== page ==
With the shock of the rape and murder of a female Dalit law student reverberating through the fabric of Keralan society, the issue of caste in Kerala has resurfaced. The lethargic pace of the initial investigation coupled with the mishandling of evidence by police and lack of solid leads so far has starkly highlighted the status of Dalits in the state.
Kerala, well-known for its high performance and narrow gender gaps in socio-economic and health indicators, still struggles with issues of gender and caste. And that should come as little surprise considering that honest discussions about tough topics like these remain outside the purview of the general public.
What I can offer are personal experiences of caste, and while anecdotal, they can be powerful in building practical comprehension of problems that are often abstracted. I find they provide a small, helpful window into the intricacies of caste in everyday life. Within these, I have found the truth of greater systemic problems which beg to be addressed. I hope in sharing that those conversations can widen and deepen as a result – that you too will feel empowered to share your lived experiences.
We’re all sitting at lunch, and my co-worker is talking about her mother-in-law. She’s telling us about a trip they’d taken and how they’d needed to stop at a household for some reason or other.
As she tells us what time they left to head home, the women at the table ask in surprise how they managed to drive down those windy, dark roads all the way back. Couldn’t they have stayed at that house for the night? My co-worker grimaces as she answers because she hates where this is going next – but it’s the truth and so she continues.
“Well, you know, my husband’s mother… well, she refuses to stay the night under the roof of a lower-caste household.”
She shrugs in a way that communicates the uselessness in trying to change the prejudices of an older generation and licks the curry off her fingers.
At the first Hindu wedding I attended during my research grant, I met a young man who was bursting at the seams with happiness – he was shortly to be engaged to a beautiful girl. He proudly showed me a photo of her and with a laugh said, “When I saw her, I knew I liked her. I asked her first ‘Are you a Nair?’ She said yes and I knew I would marry her.”
He says this so lightheartedly that it breaks my heart. He can see the disappointment flit across my face and he hurries to tell me, “Oh, I have no problem with caste. I asked for my parents. They would be devastated if I married outside of caste. I could never do that to them.” I pushed him, questioning this logic: must we follow our parents even if we know they are wrong? He smiles uneasily at me and repeats one more time that he owes everything to his parents and to concede to marry within his caste does not seem a bad compromise. Besides, wasn’t she beautiful?
He’s clearly emotional. “No, I really want to say sorry. I know it happened years ago, but I want you to know it still bothers me and that I am sorry.”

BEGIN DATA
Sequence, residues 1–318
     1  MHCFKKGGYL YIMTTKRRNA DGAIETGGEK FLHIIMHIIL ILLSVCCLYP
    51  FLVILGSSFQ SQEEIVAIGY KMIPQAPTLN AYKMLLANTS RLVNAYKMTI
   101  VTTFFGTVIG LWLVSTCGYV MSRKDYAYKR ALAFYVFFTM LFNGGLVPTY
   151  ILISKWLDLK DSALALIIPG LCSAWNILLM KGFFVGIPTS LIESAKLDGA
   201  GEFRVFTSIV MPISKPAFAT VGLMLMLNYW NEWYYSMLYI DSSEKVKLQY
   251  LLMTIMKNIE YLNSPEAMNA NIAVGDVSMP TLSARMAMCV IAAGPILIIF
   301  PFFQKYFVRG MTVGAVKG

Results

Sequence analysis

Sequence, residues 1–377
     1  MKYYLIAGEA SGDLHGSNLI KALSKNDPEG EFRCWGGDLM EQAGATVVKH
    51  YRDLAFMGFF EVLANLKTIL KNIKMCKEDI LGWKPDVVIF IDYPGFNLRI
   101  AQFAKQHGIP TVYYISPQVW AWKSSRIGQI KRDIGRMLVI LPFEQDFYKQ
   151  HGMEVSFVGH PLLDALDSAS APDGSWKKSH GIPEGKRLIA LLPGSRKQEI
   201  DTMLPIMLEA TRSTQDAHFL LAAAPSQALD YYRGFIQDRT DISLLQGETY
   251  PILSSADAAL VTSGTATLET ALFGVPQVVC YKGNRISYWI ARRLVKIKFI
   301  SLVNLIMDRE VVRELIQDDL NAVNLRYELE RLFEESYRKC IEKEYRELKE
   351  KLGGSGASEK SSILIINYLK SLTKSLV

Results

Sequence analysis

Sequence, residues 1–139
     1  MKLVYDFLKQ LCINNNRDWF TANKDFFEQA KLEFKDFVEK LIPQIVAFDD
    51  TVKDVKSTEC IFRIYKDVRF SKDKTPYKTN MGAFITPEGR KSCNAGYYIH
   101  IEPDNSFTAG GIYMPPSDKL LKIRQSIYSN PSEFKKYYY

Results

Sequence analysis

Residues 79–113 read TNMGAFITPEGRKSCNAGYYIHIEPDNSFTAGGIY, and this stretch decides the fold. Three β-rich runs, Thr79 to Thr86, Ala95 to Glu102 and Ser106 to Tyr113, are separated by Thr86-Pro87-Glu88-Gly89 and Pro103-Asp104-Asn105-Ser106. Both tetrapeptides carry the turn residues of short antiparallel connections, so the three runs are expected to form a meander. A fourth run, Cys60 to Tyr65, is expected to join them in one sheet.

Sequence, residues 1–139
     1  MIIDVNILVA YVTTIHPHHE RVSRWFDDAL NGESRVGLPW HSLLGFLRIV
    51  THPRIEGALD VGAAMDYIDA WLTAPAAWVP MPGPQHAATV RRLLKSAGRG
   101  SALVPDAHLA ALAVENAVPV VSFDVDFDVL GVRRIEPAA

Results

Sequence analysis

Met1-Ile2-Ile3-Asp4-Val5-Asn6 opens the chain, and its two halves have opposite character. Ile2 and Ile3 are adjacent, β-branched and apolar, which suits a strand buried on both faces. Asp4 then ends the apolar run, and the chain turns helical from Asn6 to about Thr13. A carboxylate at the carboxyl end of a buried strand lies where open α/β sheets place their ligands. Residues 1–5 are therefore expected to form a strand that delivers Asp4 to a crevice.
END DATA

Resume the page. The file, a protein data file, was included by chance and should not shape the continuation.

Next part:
He looks over at me and tells me how he had invited my father to meet his parents and to eat lunch at his house. He tells me how my father had brought his brother and his cousin, wishing to introduce his friend’s family to his own. He tells me how his family had laid out the food to eat and how his father had ‘offhandedly’ noted that in his day, people of my father’s caste would not even be allowed into the house, let alone eat together. He tells me how my father, hurt and humiliated, had immediately stood and left with his brother and cousin.
He reaches out for my father’s hand and says, “I’m sorry, da. Listen, my father was not even like that. He was a good man. I know he didn’t mean it in that way.”
My father is looking off into the distance, a little up and to the right to avoid eye contact, because he is uncomfortable and it’s very clear that this still bothers him and that he does not agree that the man was ‘not even like that’. But he loves his friend so he hugs him goodbye and we leave. We get into the elevator in silence as he soothes his old wounds and I wonder how small of a scratch at the surface of caste discrimination does this represent.
Ambedkar in his well-known and never-delivered speech likewise presents cases of caste discrimination ranging from small humiliations to inhumane violence. After very neatly presenting the ideological roots of caste, Ambedkar concludes with the not-so-popular opinion that there must be revolution – both within religion and within society as a whole.
From what I have experienced, Kerala is still waiting for that revolution. For every story I have told, there are hundreds and thousands that remain unwritten and unspoken. There is power in sharing these experiences, in knowing that we are not alone, that this is a problem of our society.
So, share your stories – with us, with your peers, with your neighbours. While caste discrimination continues to perpetuate itself in our daily lives, perhaps there is hope for the next generation to break free of the chains of caste.